The Asus XG32VQR is a DisplayHDR 400 gaming monitor, but it does little to create the HDR effect we see on its up tier cousins like the PG27UQ. The screen’s vibrancy and contrast change little when HDR is active in compatible games, but it’s a nice to have feature if you like playing around with gaming visuals. Frankly, HDR400 tagging should be abolished since it doesn’t offer the improvements many would expect from such a monitor.
Input lag isn’t an issue for the Asus XG32VQR, which clocked in at 4ms just like its predecessor. We did not feel any delays or “de-synced” instances while playing BFV, so its smooth sailing all the way. Asus has always been fantastic when it comes to this aspect, and this model isn’t an exception.
Thoughts on the Asus XG32VQR
The Asus XG32VQR faced a few modifications to make it more enticing, but the improvements feel more like minor tweaks you could get from updated firmware. The only considerable characteristic we saw was the higher color accuracy, which matters a lot if you want true to life color rendering or representation. We also think that it’s great that you don’t have to get a colorimeter to achieve perfect gamma scores and fidelity with this option.
The biggest con of the Asus XG32VQR is its panel uniformity, which we hope improves between unit to unit. Many gamers will be disappointed if they see defects on a premium screen, which costs considerably more than its comparable competitors. This product would be a fantastic option if these flaws are limited to a few units floating around in the market.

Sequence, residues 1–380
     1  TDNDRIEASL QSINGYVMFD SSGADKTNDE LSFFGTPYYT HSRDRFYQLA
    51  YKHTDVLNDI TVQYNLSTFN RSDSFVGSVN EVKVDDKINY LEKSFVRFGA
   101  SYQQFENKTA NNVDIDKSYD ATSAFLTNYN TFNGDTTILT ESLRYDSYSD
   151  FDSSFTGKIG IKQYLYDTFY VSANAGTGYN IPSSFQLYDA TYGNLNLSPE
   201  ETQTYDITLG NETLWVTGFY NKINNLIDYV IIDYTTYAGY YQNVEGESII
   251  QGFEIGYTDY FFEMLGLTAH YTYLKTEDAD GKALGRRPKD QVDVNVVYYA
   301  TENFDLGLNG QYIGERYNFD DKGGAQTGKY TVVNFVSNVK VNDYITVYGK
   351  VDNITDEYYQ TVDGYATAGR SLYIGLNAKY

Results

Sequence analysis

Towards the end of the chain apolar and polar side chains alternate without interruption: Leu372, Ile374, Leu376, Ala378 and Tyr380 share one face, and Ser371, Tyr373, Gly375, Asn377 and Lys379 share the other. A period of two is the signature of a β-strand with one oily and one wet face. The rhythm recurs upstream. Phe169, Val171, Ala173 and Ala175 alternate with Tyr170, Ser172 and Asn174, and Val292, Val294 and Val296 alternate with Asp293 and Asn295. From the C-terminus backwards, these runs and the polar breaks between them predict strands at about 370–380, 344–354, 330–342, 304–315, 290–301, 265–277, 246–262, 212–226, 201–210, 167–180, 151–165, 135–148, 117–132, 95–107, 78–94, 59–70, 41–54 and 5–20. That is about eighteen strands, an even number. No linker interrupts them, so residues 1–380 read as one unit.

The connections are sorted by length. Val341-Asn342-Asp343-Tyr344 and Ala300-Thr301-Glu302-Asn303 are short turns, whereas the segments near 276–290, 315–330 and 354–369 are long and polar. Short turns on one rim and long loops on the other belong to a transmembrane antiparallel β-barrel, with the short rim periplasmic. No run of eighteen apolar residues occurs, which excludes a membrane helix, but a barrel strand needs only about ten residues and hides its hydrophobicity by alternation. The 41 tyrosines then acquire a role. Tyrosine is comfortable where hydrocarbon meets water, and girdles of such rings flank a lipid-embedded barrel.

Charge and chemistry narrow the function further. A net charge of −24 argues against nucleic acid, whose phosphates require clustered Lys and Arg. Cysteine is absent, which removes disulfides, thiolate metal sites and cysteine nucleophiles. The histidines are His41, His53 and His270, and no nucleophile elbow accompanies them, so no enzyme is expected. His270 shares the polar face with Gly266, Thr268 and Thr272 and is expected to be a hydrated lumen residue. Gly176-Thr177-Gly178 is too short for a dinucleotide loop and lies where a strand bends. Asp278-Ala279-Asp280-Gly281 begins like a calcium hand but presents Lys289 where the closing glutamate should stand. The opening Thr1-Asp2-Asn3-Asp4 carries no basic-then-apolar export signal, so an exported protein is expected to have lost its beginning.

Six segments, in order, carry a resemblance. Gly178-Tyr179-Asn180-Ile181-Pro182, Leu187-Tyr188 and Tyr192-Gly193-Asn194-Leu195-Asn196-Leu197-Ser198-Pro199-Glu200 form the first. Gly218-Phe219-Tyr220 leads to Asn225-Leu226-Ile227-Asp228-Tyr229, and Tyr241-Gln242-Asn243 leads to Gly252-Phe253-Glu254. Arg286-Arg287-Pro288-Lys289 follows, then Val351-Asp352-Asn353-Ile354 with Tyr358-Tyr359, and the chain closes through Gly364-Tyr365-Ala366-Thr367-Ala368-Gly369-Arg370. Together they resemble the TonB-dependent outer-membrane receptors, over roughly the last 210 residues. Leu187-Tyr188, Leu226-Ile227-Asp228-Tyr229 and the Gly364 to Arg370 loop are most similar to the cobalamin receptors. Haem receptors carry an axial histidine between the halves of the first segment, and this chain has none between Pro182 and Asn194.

About the Author:
Paolo is a gaming veteran since the golden days of Doom and Warcraft and has been building gaming systems for family, friends, and colleagues since his junior high years. High-performance monitors are one of his fixations and he believes that it’s every citizen’s right to enjoy one. He has gone through several pieces of hardware in pursuit of every bit of performance gain, much to the dismay of his wallet. He now works with Monitornerds to scrutinize the latest gear to create reviews which accentuate the seldom explained aspects of a PC monitor.
I read a review that said it had grey lines on light screens, did you see this as well?
Paolo Reva says
Hi, TJ! No, we did not experience the issue you mentioned with the XG32VQR. Cheers!
Thanks for reply.
What would you pick between this and the LG 32GK850?
I’m looking specifically for a 32inch for gaming with good colors and response
Paolo Reva says
Hi, Jose! You can’t go wrong with either since they are comparable, although the XG32VQR has a slight advantage in accuracy when checked with a colorimeter. We recommend using price and design as your starting point in deciding which to buy. Cheers!